Trip to the Dome
Rivoli Theater, Muncie, Indiana – My January, 1987 photographic mission continues: After photographing the main auditorium, lobbies, upstairs, backstage, and the basement…it was time to take a trip up into the attic and explore the Rivoli’s impressive ceiling dome…
As a child, and later as an adult, I had often looked up at the Rivoli’s ceiling dome and wondered…how high was it? How was it illuminated? Could you walk inside it? How was it constructed? Did it serve any other purpose other than decoration and illumination? Many questions- but for me and nearly every other person that visited the Rivoli during its 60 year history – the questions had always remained unanswered. However, during the Rivoli’s final hours, I was about to join the ranks of a very small number of people who had actually climbed inside the dome….
Tom Ratliff, the Rivoli’s assistant manager, led the way over to an exit near the stage and along the west wall of the auditorium. We entered an access room which contained this ladder leading to the attic of the Rivoli. Up we went, Tom with a flashlight and me with my trusty Nikons and camera bag.
Half way up to the attic we stopped at an intermediate floor. Tom explained that this room was the home of the pipes for the $25,000 Wurlitzer organ installed for its opening in 1927. More about the fate of the organ will be explained in an upcoming blog post!
The curtained exit at the bottom left side of this picture is where Tom and I started our journey into the attic. Directly above is the area that formerly housed the Rivoli’s organ pipes, known as the organ chamber. The perforated decorative panels allowed the sound to penetrate into the theater.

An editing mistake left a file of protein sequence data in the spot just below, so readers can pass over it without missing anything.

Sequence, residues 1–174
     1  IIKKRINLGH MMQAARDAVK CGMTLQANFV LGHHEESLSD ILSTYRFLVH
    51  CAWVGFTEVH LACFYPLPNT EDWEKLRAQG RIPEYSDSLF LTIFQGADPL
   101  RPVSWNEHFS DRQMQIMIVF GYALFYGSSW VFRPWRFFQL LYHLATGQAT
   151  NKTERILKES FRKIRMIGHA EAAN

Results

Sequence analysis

Tom and I climbed another section of the iron ladder to reach the attic. This view is looking down, into the area that formerly housed the Rivoli’s organ pipes. Note the perforated sound panel on the left side of the picture. We are now standing in the attic of the Rivoli.
Tom leads the way across a wooden walkway spanning the Rivoli’s attic. To the left you can see the wall that separates the attic from the stage area. To the right, you can see ductwork leading to the rising shape of the ceiling dome enclosure.
The ceiling dome enclosure, covered with insulating material, is visible to my right. Hundreds of cables, attached to the Rivoli’s framework, are attached to the ceiling and dome. I marveled that all of this was constructed 60 years before..and that only a few people had ever ventured into this area during the intervening years.
This view is looking downward at the northeast corner of the attic…where the ceiling did not extend all the way to the exterior wall. This opening extended all the way down to the basement, and was part of the Rivoli’s fresh air ventilation system. During the demolition of the Rivoli a worker was seriously injured while removing asbestos…several people have theorized that this was the spot the worker fell into.
Tom informs me that this is it…the entrance to the dome. I said “What? I’m supposed to crawl through that?” Note the light bulbs and the flexible conduit that is attached to the worklights that hang inside the dome. The worklights were never turned on when patrons were in the theater, they were used during cleanup and maintenance times.